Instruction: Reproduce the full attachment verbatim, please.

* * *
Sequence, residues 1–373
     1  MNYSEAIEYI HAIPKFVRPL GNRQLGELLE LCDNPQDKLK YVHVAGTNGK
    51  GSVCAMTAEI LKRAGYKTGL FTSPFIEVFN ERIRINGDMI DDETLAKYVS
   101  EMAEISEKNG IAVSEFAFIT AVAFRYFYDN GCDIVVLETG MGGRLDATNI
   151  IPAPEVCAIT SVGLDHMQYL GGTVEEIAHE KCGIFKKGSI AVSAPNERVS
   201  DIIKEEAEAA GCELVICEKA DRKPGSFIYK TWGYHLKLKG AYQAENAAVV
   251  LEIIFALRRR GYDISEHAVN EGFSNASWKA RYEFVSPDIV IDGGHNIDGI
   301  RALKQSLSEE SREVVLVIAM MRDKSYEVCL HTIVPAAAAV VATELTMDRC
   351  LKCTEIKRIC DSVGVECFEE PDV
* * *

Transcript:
Sequence, residues 1–373
     1  MNYSEAIEYI HAIPKFVRPL GNRQLGELLE LCDNPQDKLK YVHVAGTNGK
    51  GSVCAMTAEI LKRAGYKTGL FTSPFIEVFN ERIRINGDMI DDETLAKYVS
   101  EMAEISEKNG IAVSEFAFIT AVAFRYFYDN GCDIVVLETG MGGRLDATNI
   151  IPAPEVCAIT SVGLDHMQYL GGTVEEIAHE KCGIFKKGSI AVSAPNERVS
   201  DIIKEEAEAA GCELVICEKA DRKPGSFIYK TWGYHLKLKG AYQAENAAVV
   251  LEIIFALRRR GYDISEHAVN EGFSNASWKA RYEFVSPDIV IDGGHNIDGI
   301  RALKQSLSEE SREVVLVIAM MRDKSYEVCL HTIVPAAAAV VATELTMDRC
   351  LKCTEIKRIC DSVGVECFEE PDV